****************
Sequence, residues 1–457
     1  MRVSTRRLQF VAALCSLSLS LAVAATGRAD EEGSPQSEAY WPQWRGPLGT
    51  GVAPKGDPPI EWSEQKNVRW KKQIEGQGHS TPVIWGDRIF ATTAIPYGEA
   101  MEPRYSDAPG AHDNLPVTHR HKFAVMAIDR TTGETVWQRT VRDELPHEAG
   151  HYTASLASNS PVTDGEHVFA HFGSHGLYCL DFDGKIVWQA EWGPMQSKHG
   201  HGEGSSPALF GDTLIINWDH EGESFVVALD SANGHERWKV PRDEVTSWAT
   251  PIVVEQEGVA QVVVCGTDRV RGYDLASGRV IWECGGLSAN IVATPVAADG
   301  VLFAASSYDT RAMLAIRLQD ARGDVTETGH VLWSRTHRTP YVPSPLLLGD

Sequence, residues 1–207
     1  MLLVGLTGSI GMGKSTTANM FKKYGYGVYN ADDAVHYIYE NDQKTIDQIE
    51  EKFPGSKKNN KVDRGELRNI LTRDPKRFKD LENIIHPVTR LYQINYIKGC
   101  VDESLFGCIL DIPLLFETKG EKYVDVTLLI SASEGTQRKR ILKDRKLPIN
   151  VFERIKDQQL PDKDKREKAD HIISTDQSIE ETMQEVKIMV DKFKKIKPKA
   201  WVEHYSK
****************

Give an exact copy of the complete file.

Sequence, residues 1–457
     1  MRVSTRRLQF VAALCSLSLS LAVAATGRAD EEGSPQSEAY WPQWRGPLGT
    51  GVAPKGDPPI EWSEQKNVRW KKQIEGQGHS TPVIWGDRIF ATTAIPYGEA
   101  MEPRYSDAPG AHDNLPVTHR HKFAVMAIDR TTGETVWQRT VRDELPHEAG
   151  HYTASLASNS PVTDGEHVFA HFGSHGLYCL DFDGKIVWQA EWGPMQSKHG
   201  HGEGSSPALF GDTLIINWDH EGESFVVALD SANGHERWKV PRDEVTSWAT
   251  PIVVEQEGVA QVVVCGTDRV RGYDLASGRV IWECGGLSAN IVATPVAADG
   301  VLFAASSYDT RAMLAIRLQD ARGDVTETGH VLWSRTHRTP YVPSPLLLGD

Sequence, residues 1–207
     1  MLLVGLTGSI GMGKSTTANM FKKYGYGVYN ADDAVHYIYE NDQKTIDQIE
    51  EKFPGSKKNN KVDRGELRNI LTRDPKRFKD LENIIHPVTR LYQINYIKGC
   101  VDESLFGCIL DIPLLFETKG EKYVDVTLLI SASEGTQRKR ILKDRKLPIN
   151  VFERIKDQQL PDKDKREKAD HIISTDQSIE ETMQEVKIMV DKFKKIKPKA
   201  WVEHYSK